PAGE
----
There are many varieties of roses for Texas gardens, but the flowers known as Texas roses are not actually roses (Rosa spp.) at all. Texas Rose is a cultivar of cherry skullcap (Scutellaria suffrutescens). The Texas rose is a member of the mint family (Lamiaceae), and it grows in U.S. Department of Agriculture plant hardiness zones 7 to 9. Some consider it to be a native Texas flower, but the plant actually originated in Mexico.
Texas Rose Plant Description
The Texas rose is a perennial that is often used as a ground cover, a border or as part of a container garden. In cooler climates, the plants grow as annuals. The plant is resistant to many garden pests, including deer and rabbits.
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The cherry skullcap features small pink flowers on spikes that have a similar shape to helmets or skullcaps from the Middle Ages. The Texas Rose cultivar features darker flowers. This plant is a popular choice to bring color to many gardens because it blooms from spring until fall. The blooms attract beneficial pollinators, including hummingbirds, bees, butterflies and other insects.
The Texas rose is a woody plant with narrow gray-green leaves. In parts of Texas that don't get frost, the plants are evergreen or semievergreen. Plants grow 4 to 8 inches tall and spread 12 to 18 inches.
How to Grow Texas Rose
Texas rose plants are drought tolerant and do best in rocky or sandy soil that drains extremely well. Water as needed when there is not sufficient rainfall but take care to avoid wet soil and standing water, which will harm the plants. Plant the flowers in full sun. Consider a location where they can get afternoon shade if you live in a hot climate.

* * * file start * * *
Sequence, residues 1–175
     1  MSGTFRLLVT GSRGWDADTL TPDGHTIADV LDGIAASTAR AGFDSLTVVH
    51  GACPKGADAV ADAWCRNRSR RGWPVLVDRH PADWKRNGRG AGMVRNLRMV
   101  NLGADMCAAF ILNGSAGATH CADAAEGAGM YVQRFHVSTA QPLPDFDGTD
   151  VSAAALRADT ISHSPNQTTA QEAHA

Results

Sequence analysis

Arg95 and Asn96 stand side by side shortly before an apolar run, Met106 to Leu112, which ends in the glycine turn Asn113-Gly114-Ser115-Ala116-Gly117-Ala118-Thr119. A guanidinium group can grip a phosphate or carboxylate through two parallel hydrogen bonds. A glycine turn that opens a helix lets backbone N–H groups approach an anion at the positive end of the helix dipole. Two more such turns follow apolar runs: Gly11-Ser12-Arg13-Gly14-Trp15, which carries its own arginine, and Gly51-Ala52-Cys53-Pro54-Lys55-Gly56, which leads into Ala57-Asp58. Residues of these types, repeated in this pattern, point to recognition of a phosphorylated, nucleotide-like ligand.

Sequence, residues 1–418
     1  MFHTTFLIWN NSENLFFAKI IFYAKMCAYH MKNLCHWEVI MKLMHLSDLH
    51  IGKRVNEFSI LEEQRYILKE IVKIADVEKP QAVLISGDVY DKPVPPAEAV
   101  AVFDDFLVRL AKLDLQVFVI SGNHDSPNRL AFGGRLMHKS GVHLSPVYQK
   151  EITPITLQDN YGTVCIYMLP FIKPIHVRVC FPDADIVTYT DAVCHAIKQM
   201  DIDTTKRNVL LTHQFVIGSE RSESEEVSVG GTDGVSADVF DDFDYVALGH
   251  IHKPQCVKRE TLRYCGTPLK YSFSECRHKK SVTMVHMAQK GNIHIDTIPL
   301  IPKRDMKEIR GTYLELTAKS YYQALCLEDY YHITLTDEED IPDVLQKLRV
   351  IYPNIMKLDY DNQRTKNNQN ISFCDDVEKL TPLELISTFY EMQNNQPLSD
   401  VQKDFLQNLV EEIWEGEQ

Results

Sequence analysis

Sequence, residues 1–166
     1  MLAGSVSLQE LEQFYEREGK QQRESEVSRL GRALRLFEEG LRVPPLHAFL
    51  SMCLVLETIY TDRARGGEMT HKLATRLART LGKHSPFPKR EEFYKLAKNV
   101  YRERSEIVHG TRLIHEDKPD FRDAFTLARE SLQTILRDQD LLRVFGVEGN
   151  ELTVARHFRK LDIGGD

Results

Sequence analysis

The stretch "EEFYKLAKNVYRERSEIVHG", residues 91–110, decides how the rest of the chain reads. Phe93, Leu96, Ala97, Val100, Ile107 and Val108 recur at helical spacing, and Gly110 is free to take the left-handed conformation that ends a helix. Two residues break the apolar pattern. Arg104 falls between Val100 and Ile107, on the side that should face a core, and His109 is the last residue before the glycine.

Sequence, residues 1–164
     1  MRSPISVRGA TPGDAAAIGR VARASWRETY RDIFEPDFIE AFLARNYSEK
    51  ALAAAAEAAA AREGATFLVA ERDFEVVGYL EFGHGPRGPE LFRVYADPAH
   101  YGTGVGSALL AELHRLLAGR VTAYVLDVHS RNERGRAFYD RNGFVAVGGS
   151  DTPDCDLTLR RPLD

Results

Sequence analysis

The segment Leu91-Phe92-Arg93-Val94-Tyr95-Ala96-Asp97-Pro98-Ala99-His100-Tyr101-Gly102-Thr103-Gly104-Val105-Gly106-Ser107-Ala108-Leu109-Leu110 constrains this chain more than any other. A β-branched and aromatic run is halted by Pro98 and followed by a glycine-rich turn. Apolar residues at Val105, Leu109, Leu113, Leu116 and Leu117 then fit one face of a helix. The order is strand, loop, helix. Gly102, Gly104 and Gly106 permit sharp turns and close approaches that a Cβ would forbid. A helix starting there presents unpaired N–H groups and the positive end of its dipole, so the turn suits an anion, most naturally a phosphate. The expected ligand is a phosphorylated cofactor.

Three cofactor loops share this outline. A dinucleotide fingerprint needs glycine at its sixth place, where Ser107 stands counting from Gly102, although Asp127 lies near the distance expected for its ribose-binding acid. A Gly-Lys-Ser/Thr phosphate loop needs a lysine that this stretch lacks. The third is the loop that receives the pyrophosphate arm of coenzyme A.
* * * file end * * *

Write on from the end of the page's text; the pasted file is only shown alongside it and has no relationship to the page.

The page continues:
If you are growing the plant as a perennial, be aware that it will self-seed and spread in your garden. You can cut back the plant in the spring after new growth has started.
The Texas rose is low maintenance and has few pest and disease problems. In wet conditions, leaf spot and powdery mildew are a concern. Aphids are a common pest for which to look out.
Yellow Rose of Texas Plant
The yellow rose of Texas is not only a well-known song dating back to 1853 but it is also another Texas flower. A few different flowers have been referred to as the yellow rose of Texas. In 1918, the flower that held the name was the coneflower (Rudbeckia spp., USDA zones 4 to 9). However, by the 1960s, two other species held the name.
The first plant is the Japanese kerria (Kerria japonica, USDA zones 4 to 9). While this plant is not a rose, it is in the same family as Rosa spp. (Rosaceae). This plant grows up to 10 feet tall and features yellow pompom-shaped blooms in the spring.
The other plant known as the yellow rose of Texas is Harrison's yellow rose (Rosa x harisonii). This plant is a rose hybrid that grows in USDA zones 4 to 7. This rose bush grows 4 to 6 feet tall.
- North Carolina State University Cooperative Extension: Scutellaria suffrutescens
- Backbone Valley Nursery: Growing Roses in Central Texas
- Meadows Farms: Texas Rose Pink Skullcap
- Texas State Historical Association: Yellow Rose of Texas
- Clemson University Cooperative Extension Service: Rudbeckia
- University of Illinois Extension: Selecting Shrubs for Your Home: Harrison's Yellow Rose
- Washington State University Clark County Extension: Japanese Kerria